There are three types of brokerage accounts available to investors:
- Cash accounts - there is no type of credit available in a cash account, so the customer must pay in full for securities that are purchased. Also, only long positions can be sold in a cash account - no short sales are permitted.
- Margin accounts - with a margin account, an investor can use credit to pay for a percentage of the securities purchased. The brokerage extends the credit and uses the securities as collateral. Interest is charged on the borrowed funds. Investors can buy either long or short positions in a margin account. The Federal Reserve requires a minimum deposit of 50% of the purchase price be deposited in cash or securities before a margin transaction can take place. Broker-dealers can set higher margin requirements.
Refer to the tutorial, Margin Trading, for more on what margin is, how margin calls work and how leverage can be advantageous.
- Options accounts - puts and calls can only be traded in an options account. A separate account must be opened for this purpose. A client must provide information about his/her financial situation, investment objectives and previous investment experience before an options account can be opened, since options are not suitable for all clients.
There are three types of compensation that a broker-dealer may charge when making securities trades for clients:
- Commissions - this fee is charged when the broker-dealer is acting as the agent for the client. The size of the commission depends upon the number of shares purchased.
- Markup - this is the compensation received when a broker-dealer is acting as a principal and sells a security from its own account to a client - the markup is the difference between the market price and the price charged to the client.
- Markdown - this is the compensation received when a broker-dealer is acting as a principal and buys a security from a client for its own account.
Exam Tips and Tricks
Consider these sample exam questions:
- A client has a significant gain in his holdings of ABC stock (a long position) and wants to protect that gain from a drop in the market. The appropriate order to place is:
- Market order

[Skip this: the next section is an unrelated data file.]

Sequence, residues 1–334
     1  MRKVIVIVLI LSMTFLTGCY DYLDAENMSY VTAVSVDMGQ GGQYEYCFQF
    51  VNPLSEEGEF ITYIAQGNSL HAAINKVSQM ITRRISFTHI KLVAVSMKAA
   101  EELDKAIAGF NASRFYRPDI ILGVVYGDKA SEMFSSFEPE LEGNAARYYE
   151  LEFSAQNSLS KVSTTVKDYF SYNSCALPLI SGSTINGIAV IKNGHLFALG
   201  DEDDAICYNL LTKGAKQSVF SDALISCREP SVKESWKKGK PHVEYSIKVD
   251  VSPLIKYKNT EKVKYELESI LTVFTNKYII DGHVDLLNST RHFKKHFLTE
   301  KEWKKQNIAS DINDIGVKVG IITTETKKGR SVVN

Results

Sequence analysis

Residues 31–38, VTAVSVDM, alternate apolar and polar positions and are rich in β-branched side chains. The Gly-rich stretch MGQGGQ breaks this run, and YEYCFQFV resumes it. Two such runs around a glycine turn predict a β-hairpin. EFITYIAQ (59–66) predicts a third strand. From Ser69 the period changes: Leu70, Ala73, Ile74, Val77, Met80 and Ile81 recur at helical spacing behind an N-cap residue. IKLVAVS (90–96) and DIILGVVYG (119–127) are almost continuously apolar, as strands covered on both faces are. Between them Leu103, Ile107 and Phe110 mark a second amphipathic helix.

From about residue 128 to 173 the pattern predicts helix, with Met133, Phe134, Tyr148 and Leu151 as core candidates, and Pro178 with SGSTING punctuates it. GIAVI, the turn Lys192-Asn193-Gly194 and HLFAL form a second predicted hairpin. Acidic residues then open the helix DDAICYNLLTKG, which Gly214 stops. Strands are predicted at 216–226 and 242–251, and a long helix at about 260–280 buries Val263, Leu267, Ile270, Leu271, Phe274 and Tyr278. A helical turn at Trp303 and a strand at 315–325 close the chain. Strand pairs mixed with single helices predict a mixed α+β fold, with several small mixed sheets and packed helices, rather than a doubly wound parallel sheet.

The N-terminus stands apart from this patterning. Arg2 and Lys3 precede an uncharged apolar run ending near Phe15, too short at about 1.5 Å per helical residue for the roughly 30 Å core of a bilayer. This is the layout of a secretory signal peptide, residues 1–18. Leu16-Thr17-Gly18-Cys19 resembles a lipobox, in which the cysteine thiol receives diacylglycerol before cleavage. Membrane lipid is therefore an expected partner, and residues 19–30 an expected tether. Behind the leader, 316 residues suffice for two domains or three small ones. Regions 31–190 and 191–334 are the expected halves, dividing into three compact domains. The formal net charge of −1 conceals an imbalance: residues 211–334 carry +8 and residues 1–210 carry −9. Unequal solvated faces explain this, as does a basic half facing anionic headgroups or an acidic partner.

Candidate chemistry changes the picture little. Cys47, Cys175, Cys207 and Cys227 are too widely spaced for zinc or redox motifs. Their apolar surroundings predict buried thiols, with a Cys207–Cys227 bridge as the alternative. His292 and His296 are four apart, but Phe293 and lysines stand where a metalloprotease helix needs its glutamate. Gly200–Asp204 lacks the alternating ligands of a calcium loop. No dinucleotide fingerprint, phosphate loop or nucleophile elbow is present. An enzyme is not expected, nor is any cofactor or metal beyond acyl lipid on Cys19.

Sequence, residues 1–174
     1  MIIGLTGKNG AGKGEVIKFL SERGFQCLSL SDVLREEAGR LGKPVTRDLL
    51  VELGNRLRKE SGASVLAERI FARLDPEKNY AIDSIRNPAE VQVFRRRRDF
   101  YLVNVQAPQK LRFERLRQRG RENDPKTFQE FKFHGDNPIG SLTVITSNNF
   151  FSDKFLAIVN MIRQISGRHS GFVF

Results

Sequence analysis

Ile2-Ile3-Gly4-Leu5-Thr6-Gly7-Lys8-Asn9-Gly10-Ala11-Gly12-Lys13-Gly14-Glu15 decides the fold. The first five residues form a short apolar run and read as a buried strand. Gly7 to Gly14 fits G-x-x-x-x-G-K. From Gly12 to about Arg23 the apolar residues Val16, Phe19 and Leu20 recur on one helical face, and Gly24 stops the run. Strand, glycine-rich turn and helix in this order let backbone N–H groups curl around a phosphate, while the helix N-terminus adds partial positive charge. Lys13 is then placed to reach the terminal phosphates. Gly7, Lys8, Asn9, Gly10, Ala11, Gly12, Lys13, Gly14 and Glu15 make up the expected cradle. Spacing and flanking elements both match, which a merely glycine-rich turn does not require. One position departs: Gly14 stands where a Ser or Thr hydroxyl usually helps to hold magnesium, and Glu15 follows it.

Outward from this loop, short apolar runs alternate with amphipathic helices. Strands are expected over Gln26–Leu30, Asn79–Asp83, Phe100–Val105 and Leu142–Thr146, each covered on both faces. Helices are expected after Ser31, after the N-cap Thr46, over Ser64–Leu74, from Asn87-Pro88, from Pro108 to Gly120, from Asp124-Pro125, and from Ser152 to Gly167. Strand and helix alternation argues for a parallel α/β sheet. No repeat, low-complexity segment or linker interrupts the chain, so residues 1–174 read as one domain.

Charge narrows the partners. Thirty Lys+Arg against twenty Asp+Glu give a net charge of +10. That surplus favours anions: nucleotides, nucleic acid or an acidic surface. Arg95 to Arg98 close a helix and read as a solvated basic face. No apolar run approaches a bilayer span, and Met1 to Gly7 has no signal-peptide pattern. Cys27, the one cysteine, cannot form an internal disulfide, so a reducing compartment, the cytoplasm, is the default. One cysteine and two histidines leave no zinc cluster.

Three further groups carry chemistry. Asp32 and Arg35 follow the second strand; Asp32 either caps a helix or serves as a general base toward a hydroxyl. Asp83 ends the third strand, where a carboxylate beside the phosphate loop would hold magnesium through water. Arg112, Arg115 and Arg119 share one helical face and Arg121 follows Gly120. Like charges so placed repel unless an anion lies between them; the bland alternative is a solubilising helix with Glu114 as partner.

- Buy stop order
- Sell stop order
- Sell limit order
The correct answer is "c", since the client would need to sell the stock before the market price falls beneath a certain level. A sell stop would become a market order if the stock reached that price. "d" is not correct, since it would not guarantee execution, and the client would not be protected.
- Short sales of stocks may be purchased in what type of account(s)?
- Only in cash accounts
- Only in options accounts
- Only in margin accounts
- Either in an options or margin account
The correct answer is "c", since only options may trade in an options account, and securities cannot be borrowed in a cash account.
- A market maker in the over-the-counter market must be ready to purchase the security at the:
The correct answer is "a", since the market maker must sell at the ask price (also known as offer), and the spread is the difference between the two.
TradingFollow these steps to pick the right options brokerage account depending on your trading needs and style of trading.
Financial AdvisorA maintenance margin is the minimum amount of equity that must be kept in a margin account.
InvestingA trading account enables an investor to buy and sell securities.
InvestingInitial margin is the percentage of a stock’s price an investor must have in his account to buy that stock on margin.
InvestingWhen an investor buys on margin, he or she pays a portion of the stock price – called the margin -- and borrows the rest from a stockbroker. The purchased stocks then serve as collateral for ...
Financial AdvisorFind out how brokers are paid for selling bonds and how the transaction costs are passed on to the investor through a markup or commission.
TradingFind out what your broker is doing with your securities when you invest on margin.
InvestingA brokerage account is a contractual arrangement between an investor and a licensed securities broker or brokerage.
InvestingFind out which type of bank account suits your specific needs.